Group paying Phoenix voters for ‘Yes on 106’ social media posts
PHOENIX — Canvassers are paying Phoenix voters to post “Yes on 106” advertisements on their personal social media pages.
And right now, it’s perfectly legal.
“Think about it,” city councilman Sal DiCiccio said. “You’re allowed to hire whomever you want in order to get a message out.”
DiCiccio is not paying anyone $15 dollars to support the measure to force the city council to pay down its pension obligations. A private group is doing that.
The councilman has been vocal in his support of Prop 106, as well as Prop 105 that would stop light-rail expansion in downtown. He says Phoenix must pay its multi-billion-dollar pension liability, and not pay up to $1.3 billion on expansion.
Both measures go before Phoenix voters on Aug. 27.
Meanwhile, attorney Roopali Desai with Coppersmith Brockelman says, if voters are not expressing personal support, then “they should be saying that, ‘I’m doing this as paid work on behalf of the committee.”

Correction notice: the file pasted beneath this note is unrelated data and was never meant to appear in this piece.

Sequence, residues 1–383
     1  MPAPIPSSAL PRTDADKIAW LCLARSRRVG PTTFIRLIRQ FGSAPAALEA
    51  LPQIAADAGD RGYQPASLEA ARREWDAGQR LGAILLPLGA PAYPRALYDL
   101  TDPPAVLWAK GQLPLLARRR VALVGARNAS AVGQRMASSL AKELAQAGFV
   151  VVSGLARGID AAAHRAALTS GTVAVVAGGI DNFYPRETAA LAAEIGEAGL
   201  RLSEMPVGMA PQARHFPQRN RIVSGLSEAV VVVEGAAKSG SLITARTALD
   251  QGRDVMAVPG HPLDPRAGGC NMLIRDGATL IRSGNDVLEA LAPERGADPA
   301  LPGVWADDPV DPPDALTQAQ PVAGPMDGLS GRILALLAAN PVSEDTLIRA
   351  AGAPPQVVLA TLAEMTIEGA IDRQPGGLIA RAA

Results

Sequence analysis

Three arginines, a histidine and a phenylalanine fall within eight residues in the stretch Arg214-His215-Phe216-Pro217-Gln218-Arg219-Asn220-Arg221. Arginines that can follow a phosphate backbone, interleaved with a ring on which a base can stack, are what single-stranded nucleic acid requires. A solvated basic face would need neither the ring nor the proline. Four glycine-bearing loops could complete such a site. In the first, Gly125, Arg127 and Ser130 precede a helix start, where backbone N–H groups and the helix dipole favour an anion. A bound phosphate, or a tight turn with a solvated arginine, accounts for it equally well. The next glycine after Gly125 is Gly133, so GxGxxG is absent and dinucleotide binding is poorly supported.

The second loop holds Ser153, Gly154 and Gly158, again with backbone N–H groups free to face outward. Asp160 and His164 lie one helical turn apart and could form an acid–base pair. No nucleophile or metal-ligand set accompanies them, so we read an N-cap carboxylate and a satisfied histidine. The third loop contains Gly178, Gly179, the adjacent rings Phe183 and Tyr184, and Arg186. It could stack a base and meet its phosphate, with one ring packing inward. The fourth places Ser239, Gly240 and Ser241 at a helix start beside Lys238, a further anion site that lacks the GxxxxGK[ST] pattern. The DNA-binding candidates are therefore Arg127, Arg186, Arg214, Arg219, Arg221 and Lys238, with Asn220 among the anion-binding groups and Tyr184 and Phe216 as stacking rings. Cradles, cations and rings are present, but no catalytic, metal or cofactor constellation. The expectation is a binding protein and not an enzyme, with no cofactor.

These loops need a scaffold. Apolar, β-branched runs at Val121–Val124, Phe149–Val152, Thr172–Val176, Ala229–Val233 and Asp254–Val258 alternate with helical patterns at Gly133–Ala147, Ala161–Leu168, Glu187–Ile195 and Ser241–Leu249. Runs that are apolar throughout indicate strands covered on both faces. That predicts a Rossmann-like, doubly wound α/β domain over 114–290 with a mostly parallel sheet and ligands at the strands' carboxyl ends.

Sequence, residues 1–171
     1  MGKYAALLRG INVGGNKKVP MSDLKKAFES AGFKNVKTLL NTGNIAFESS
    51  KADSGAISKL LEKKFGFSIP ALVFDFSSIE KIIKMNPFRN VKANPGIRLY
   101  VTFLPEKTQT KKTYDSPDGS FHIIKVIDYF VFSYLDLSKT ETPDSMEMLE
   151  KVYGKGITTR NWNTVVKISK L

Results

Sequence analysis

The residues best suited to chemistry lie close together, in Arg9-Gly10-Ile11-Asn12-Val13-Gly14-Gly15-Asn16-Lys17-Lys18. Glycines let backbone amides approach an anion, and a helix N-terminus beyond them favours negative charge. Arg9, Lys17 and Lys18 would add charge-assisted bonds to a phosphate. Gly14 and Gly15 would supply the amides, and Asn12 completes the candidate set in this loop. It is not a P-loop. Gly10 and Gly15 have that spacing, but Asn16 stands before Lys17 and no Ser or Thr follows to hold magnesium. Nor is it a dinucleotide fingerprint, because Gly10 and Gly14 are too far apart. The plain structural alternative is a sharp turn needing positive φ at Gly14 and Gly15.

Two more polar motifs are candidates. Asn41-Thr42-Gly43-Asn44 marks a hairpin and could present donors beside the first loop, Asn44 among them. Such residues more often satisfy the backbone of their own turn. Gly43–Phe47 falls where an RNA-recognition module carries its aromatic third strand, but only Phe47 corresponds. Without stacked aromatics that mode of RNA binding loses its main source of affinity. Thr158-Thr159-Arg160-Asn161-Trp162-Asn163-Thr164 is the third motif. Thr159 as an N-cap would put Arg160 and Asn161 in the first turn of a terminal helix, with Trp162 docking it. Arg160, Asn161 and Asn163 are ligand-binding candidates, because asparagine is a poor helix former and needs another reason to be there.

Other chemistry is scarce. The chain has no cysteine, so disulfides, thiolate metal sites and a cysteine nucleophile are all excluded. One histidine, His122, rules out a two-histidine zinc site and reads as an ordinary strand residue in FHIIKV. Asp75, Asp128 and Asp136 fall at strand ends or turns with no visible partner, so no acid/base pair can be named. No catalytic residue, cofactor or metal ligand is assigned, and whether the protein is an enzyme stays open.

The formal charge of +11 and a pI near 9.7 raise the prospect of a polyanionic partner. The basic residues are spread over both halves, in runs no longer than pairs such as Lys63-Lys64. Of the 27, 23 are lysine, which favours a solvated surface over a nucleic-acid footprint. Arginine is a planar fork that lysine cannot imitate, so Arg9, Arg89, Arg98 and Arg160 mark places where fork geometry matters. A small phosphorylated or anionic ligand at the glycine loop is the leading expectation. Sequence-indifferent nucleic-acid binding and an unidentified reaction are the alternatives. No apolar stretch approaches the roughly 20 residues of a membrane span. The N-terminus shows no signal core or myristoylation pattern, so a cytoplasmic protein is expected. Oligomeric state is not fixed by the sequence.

Desai says Arizona could create a new law that would force campaigns to include disclosures that they pay people to play on social media.
“Without the force and effect of law, it’s impossible to require it,” Desai said. “So it just depends on each individual person to do the right thing.
A spokeswoman with the Arizona Secretary of State’s Office says no law addresses the scenario of campaigns paying people to advertise on social media, but the campaigns would have to report this activity as an expenditure.